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30 Jul 2020 By Ben Chin

Carlsberg is Making a Strong Case For Alcohol-Free Beer With The Launch of Two New Brews

Free beers? Hell yeah. Alcohol-free beers, on the other hand, are a much trickier proposition. At best, they’re meh, a bit lifeless, weaker-tasting, not much pizzazz. You know that joke about Budweisers and sex in tents right? At worst, a rubbish LNA (low/no alcohol) beer can literally leave a bad taste in your mouth. A weirdly sweet, that’s-not-beer one. The good news is, Carlsberg’s two new flavours—Carlsberg Alcohol Free Pilsner and Carlsberg Alcohol Free Wheat—sit comfortably in the better-tasting section of its category.


First off, the blue looks great, quite elegant. I really like that Carlsberg has gone with a distinctly different colour for its packaging, so there’s no mistake what you’re getting. How effing annoying is it when you’re already at the counter before you realise you’ve grabbed the wrong beer because both the alcohol-free and alcoholic versions look so damn similar?


There’s not much to say about the Pilsner, except it lacks the bite of the orginal Danish Pilsner, but that’s the name of the game when it comes to alc-frees, so no surprise there. Refreshing though; a decent enough substitute for its alcoholic brother. The Wheat, on the other hand, was a bit of a revelation, especially coming from Carlsberg. Surprisingly flavourful, citrusy with a mild sweetness that isn’t cloying. I can see drinking this on a hot day in place of a soda. Probably more quenching too.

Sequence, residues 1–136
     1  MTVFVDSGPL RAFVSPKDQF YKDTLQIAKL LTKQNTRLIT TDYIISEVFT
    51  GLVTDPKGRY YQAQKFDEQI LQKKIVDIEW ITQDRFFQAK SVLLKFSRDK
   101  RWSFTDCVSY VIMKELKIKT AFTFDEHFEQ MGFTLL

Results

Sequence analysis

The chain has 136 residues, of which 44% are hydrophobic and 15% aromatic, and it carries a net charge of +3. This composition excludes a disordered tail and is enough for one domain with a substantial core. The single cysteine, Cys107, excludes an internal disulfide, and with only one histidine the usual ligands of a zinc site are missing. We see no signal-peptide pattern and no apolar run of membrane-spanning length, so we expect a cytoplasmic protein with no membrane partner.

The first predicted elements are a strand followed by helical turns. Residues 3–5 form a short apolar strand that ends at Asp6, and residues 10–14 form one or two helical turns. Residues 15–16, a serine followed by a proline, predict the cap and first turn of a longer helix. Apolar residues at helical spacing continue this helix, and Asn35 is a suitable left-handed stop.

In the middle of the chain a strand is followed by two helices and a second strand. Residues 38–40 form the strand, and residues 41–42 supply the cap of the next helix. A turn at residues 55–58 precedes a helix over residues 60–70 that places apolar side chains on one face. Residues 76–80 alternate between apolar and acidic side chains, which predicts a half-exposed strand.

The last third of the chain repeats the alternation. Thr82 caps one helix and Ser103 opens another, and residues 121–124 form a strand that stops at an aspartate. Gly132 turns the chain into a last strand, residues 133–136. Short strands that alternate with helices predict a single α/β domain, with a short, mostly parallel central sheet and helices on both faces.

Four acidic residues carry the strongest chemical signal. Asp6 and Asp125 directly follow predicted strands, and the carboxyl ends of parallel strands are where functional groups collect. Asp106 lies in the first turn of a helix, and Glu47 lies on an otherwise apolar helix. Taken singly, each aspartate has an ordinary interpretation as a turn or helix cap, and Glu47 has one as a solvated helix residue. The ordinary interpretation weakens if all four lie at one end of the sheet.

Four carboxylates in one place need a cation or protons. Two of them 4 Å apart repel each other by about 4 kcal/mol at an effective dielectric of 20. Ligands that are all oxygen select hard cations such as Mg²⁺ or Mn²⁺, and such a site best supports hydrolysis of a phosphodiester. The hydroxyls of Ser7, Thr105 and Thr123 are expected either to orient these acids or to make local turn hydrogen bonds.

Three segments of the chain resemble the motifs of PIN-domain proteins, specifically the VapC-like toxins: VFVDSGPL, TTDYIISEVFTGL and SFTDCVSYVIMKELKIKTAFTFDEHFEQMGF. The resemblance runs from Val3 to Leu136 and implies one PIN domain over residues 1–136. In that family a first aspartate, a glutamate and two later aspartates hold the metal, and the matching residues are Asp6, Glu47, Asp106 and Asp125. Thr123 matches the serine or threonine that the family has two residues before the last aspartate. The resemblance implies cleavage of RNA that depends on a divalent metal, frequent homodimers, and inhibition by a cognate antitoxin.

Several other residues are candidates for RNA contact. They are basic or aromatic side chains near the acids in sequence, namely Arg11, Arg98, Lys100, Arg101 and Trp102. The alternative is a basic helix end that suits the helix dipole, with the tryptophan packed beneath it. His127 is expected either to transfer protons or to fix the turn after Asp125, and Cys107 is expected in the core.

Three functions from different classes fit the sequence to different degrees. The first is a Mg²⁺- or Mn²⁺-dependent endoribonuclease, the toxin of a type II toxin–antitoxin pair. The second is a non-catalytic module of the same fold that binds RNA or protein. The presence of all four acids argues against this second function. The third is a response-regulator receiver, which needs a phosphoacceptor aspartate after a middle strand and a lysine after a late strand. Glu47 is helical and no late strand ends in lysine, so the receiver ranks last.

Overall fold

Carlsberg’s working the health angle with this release; our virtual Zoom media tasting with Kristoffer Lundgren, Carlsberg’s Brewmaster (Global Alcohol Free Lead), was preceded by 20 minutes of workout where I glimpsed quite a few familiar fitness influencer faces in the mix. Calorie-conscious drinkers will also be glad to know that the new beers clock in at a relatively low 66 (pilsner) and 102 (wheat) calories per can.


The beers’ greatest strength is possibly their food pair-ability, versatile enough to go with anything from Nordic cuisine to local hawker favourites. “I like to pair Carlsberg Alcohol-Free Pilsner with open-faced rye-bread sandwiches (smørrebrød) that come with a variety of toppings as the Pilsner has great versatility with foods,” said Kristoffer. “(It would also) pair well with chicken rice—the lager complements rather than takes over the food experience. In particular, the malty notes complement the soy sauce and ginger flavours. (It) also pairs well with roasted or grilled flavours like BBQ stingray.”

“Carlsberg Alcohol-Free Wheat pairs well with any kind of seafood, as the citrusy notes go well with seafood and fish. You can also try pairing it with fresh fruits or fruity desserts!”

 A healthy salmon lunch by Miele’s chef Lennard Yeong